This article, written by Dr. Ian Nurse, was originally published in the Nov/Dec 2012 issue of our magazine, #11.
“Why does every athlete seem to be wearing hot pink athletic tape plastered all over their bodies in some elaborate pattern?” I first asked myself this question while watching the 2004 Olympics. Was this just another sports fad or did these elite athletes know something that I didn’t? Well, another Olympics has come and gone and it seems like this flashy athletic accessory known as Kinesio Tape is here to stay. In fact, it’s not just the Olympians that are wearing it these days. Athletes at all levels of sport are donning the various patterns and colors that have become the staple of “K-Tape.” They aren’t just wearing it on the playing field either; I had one patient who said that the aqua blue spider web pattern that I had created on the back of her calf was the topic of conversation at the water cooler at work as she didn’t hesitate to continue wearing skirts even while wearing the tape.
So what’s this tape all about and what is it actually doing? Are people really benefitting from this stuff or is all a placebo effect? As both a practitioner using it on his own patients and a user myself, I wanted to know the answers to these questions.
While it seems to have only hit the public eye in the last decade, Kinesio Tape has been used since the 1970s to treat various orthopedic, neuromuscular, neurological and medical conditions. Founded by Dr. Kenzo Kase, a Japanese chiropractor and acupuncturist, K-Tape was developed to help the body heal itself. Dr. Kase felt that other athletic tapes and techniques, like conventional strapping, were too restrictive for his patients. Although standard strapping can provide support to injured muscles and joints, it also limits movement. It’s this lack of movement that, according to Dr. Kase, inhibits the healing process by restricting the flow of inflammatory fluids (also known as lymphatics) below the skin.
So how is K-Tape working other than providing a few more color options to your monolithic skin? According to its creator, K-Tape is capable of lifting the skin to provide optimal lymphatic drainage and flow. This type of fascia unloading takes some of the pressure off the tissue below the skin. By opening up these lymphatic channels, the injured tissue will be able to heal quicker as swelling is allowed to flow out, and, thus, pain is reduced.
As educated members of the Level Legion, I’m sure you are all wondering, “Where’s the scientific evidence that backs up these claims?” Well, as even Dr. Kase admits, there isn’t any; at least, not yet. K-Tape has only recently, during the last five years, been researched for the first time. Thus, sufficient reports are not yet available and the scientific jury is still out. So if there isn’t any researched proof that this stuff works why do both elite athletes and weekend warriors seem to be singing its praise?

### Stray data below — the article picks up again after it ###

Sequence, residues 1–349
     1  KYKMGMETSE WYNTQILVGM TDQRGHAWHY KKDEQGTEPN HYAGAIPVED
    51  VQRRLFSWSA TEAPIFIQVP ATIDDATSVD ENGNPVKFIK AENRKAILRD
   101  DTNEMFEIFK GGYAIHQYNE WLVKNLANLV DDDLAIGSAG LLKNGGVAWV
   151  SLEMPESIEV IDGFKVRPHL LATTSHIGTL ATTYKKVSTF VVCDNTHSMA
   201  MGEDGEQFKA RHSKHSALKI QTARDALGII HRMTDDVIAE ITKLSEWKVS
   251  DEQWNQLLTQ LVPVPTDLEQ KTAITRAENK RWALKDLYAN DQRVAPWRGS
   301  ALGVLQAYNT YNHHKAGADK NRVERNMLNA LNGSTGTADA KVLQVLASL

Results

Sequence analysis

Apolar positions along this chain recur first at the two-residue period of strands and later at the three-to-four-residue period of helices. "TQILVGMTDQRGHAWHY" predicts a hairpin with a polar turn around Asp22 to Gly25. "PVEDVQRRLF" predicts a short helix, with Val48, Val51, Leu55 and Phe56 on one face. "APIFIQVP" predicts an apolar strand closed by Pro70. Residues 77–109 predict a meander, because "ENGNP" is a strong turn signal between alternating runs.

Like many treatment options, people don’t always need scientific research to know if something is effective. As endurance athletes, we become incredibly in-tuned with our bodies. Each step of an easy run becomes a scientific study analyzing whatever treatment option we have entrusted to solve our constant aches and pains. I believe people are wearing K-Tape simply because it makes them feel better. Whether it is because it adds a small amount of stability and structure to a needy muscle or joint, or because it is helping to reduce the swelling of an injury, the obsessive endurance athlete can feel those subtle changes.
In addition to the physical benefits, I would be doing the Legion an injustice if I failed to mention the possibility of a placebo effect. Are athletes feeling better while wearing K-Tape simply because they have been told it will work, and, therefore, believe that it will? As we can all attest, the placebo effect can be an incredibly powerful tool in the body’s role as healer. As I have seen in all of my patients, one must first believe that he is going to get better before any form of treatment can work. If K-Tape is providing that positive stimulus, it should not be refuted but rather encouraged.
In the end, despite our research, we are still left wondering, “What’s the bottom line? Does this stuff work or not?” As much as I would love to give you cold, hard facts that it does work, I cannot. What I can tell you is that K-Tape is definitely worth a try. At the sake of losing a few leg hairs and the cost of a visit to your favorite PT, chiropractor, or massage therapist, it is a treatment option that is worthy of your own scientific experimenting. After all, we are all an experiment of one in terms of both our training and our treatment.
Ian Nurse is an avid member of the Boston running community having competed in hundreds of road races within the New England area. Ian is a licensed chiropractor and a certified provider of Active Release Technique (A.R.T.) and Graston Technique at his Boston practice, Wellness in Motion.
If you would like to read more from our Nov/Dec 2012 issue, click here.